“This forest range is our treasure and planting trees to recover the green gold is the best activity that will be rewarded in this world and in hereafter,”
On a sunny day in May, Ghulam Mohiudin Rather of Budgam district travelled five kilometers to reach Drung area to plant saplings of pine trees in the denuded forest of Pir Panjal mountain range.
Rather was a part of large group of volunteers, which included school children also, who had come from different parts of the Kashmir valley to plant pine saplings in the forests.
Rather, 60, says that mountain range from Drung to Sitharan was a dense forest, covered by pine and deodar trees. But the decades of timber smuggling has left the whole range naked and impacted the climate and agricultural activity in the area.
Drung and Sitharan lie along the picturesque Tosamaidan meadows in Budgam, over 3,000 acres of which was till 2014 used by army for practicing artillery fire until 2014 when it was de-notified. The range was leased out to army in 1964 by the then government.
“Many factors are responsible for this huge deforestation. One was the location of Tosamaidan firing range of army because due to artillery use forest fires were common, lack of livelihood opportunities for the inhabitants of this area was also a reason,” Rather says.
“So timber smuggling was the main source of livelihood besides cattle rearing in this hill range,” he says.
Timber smuggling was quite rampant in Kashmir valley since 1980s as people living near forest areas would find it an easy source of livelihood. And after eruption of militancy in 90s, law enforcement became quite weak.
As per forest department records, 65 percent forest cover of the hill range declined from the past many years due to smuggling and firing range.
“The area has witnessed a huge loss of vegetation that has hit the glacial cover in the region, declining its water resources and hence impacting agriculture and other allied activities,” says Irfan Rasool Wani, an IFS officer, who has served in the forest range.
But since 2013, people who would axe trees in this range and smuggle them to Srinagar and other nearby areas for money have now become its guardians and plantation volunteers.
It was due to the efforts of a group of volunteers led by Dr Shaikh Ghulam Rasool, who also runs School for Rural Development and Environment (SRDE) for environment protection,and support by some philanthropists that the smugglers turned tree planters and volunteers to reforest the whole area.
From the last five years the group is creating awareness and planting trees in Kashmir valley’s Pir Panjal forests to recover the loss and increase the green cover.
“Our journey of plantation began in 2013 when I along with some local men began planting trees in the forest range from Drung to Sitharan range,” Dr Rasool says.
Due to the awareness about forestation and importance of forests, it is local people like Rather who have been involved in turning the naked forests into green cover.
“This forest range is our treasure and planting trees to recover the green gold is the best activity that will be rewarded in this world and in hereafter,” Rather says.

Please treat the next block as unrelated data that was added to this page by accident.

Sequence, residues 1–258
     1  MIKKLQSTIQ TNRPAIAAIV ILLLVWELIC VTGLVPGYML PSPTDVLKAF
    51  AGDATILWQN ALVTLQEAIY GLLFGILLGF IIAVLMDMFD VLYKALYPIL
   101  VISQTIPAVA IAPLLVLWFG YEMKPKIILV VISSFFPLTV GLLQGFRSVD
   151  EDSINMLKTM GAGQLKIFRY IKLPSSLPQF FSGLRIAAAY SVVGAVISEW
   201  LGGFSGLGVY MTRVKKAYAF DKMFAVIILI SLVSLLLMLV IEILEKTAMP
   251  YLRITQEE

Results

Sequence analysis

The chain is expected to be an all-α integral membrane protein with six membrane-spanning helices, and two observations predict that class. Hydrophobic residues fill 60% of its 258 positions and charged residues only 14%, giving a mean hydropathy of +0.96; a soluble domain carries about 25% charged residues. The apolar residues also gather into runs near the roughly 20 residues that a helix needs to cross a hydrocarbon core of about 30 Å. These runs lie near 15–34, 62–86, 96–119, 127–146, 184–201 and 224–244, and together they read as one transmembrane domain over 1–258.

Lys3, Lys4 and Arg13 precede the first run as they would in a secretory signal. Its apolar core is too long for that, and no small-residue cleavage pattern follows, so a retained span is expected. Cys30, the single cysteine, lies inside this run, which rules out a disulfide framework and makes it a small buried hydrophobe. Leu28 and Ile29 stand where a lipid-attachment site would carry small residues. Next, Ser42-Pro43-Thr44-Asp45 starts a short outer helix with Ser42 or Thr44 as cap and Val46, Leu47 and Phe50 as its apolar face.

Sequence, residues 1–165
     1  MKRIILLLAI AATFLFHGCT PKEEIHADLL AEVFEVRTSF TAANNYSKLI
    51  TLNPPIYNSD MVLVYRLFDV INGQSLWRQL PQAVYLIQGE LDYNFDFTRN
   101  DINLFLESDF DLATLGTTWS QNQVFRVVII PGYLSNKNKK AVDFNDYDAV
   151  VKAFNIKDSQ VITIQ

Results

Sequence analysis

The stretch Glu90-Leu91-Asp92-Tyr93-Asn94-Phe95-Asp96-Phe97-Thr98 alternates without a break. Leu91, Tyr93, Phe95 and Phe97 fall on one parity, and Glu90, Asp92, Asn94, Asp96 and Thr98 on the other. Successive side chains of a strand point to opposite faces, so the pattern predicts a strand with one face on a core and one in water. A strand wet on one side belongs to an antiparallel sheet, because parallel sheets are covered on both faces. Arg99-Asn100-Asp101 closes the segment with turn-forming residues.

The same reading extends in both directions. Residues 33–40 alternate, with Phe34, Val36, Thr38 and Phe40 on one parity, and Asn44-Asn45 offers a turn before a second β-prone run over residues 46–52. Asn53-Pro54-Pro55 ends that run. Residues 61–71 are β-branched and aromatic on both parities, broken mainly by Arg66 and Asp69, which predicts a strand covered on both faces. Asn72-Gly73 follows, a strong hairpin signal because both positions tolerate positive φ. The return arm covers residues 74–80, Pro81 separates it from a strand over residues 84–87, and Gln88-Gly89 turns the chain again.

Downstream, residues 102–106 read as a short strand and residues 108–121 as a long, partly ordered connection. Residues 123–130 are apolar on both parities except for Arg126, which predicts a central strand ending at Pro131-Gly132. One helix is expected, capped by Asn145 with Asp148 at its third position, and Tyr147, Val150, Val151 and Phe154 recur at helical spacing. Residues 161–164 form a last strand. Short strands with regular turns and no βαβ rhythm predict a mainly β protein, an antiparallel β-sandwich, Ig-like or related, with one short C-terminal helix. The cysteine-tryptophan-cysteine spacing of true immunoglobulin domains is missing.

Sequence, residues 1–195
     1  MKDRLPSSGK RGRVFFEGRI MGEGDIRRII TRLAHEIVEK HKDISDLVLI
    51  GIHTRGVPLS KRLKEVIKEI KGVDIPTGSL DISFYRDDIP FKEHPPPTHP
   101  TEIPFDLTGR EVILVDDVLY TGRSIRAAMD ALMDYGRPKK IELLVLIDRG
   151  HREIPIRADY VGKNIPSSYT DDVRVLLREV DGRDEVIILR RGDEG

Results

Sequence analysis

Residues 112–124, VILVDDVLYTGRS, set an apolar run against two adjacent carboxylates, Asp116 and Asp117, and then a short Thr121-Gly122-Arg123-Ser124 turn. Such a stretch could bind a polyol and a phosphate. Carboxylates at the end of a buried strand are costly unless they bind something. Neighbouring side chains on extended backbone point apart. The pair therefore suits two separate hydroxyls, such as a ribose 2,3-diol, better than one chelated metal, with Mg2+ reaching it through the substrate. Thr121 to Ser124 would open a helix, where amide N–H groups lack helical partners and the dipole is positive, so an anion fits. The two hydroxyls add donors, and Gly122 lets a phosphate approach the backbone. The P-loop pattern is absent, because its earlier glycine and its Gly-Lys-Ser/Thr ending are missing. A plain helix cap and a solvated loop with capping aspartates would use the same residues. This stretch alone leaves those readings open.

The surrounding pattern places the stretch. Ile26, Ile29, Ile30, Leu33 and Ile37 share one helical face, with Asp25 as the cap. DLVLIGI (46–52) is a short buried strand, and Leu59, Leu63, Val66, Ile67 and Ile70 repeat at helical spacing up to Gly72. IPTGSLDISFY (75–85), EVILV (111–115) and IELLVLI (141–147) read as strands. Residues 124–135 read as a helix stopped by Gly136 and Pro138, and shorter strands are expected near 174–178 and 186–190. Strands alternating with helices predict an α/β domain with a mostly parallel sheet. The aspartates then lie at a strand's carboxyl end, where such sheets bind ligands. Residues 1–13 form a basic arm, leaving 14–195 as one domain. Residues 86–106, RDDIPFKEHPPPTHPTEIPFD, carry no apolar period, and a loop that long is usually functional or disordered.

So far, the group says they have planted more than 1.5 lakh trees in the forests of Budgam and Shopian, the two districts lying on the foot of Pir Panjal mountain range. The pine saplings are bought by an automobile businessman, Abdul Hameed Bhat from Jammu and Kashmir’s Forest department and then locals and school children mobilized by Dr Rasool volunteer to plant these saplings in the deforested areas.
“The group has helped the forest department recover the lost green cover and created a massive awareness in the area about forests and disadvantages of felling the trees for smuggling,” says Wani, the IFS officer.
The tree-lovers say the “green drives” are held with a twin objective of afforestation and inculcating promotion of forestation among locals.
“The plantation drives sensitize people living near forests to understand importance of forests and conserve environment for future generations as well for better climate,” says Nazir Ahmad, a young volunteer associated with the green drives.
Wani, who was posted in Pir Panjal Forest range when the plantation was started, says that 95 percent timber smuggling was controlled after the sustained campaign for protecting forests and plantation drives were launched.
“Many timber smugglers, who would refuse to give up axing tress, were rehabilitated and some were jailed for two years under Public Safety Act,” he says.
Dr Rasool says a large number of smugglers were “rehabilitated” in Doodhpathri area as shopkeepers after the meadow was opened for tourists.
“Locals volunteered to become informers for Forest Protection Force about timber smugglers. This all was achieved after locals were involved and informed about forests and their importance,” he says.
Abdul Hameed, the businessman, says the efforts and energy of volunteers like Dr Shaikh Ghulam Rasool and his friends makes the plantation possible. “Their contribution to regaining lost forest cover in Kashmir can never be forgotten,’’ Bhat says.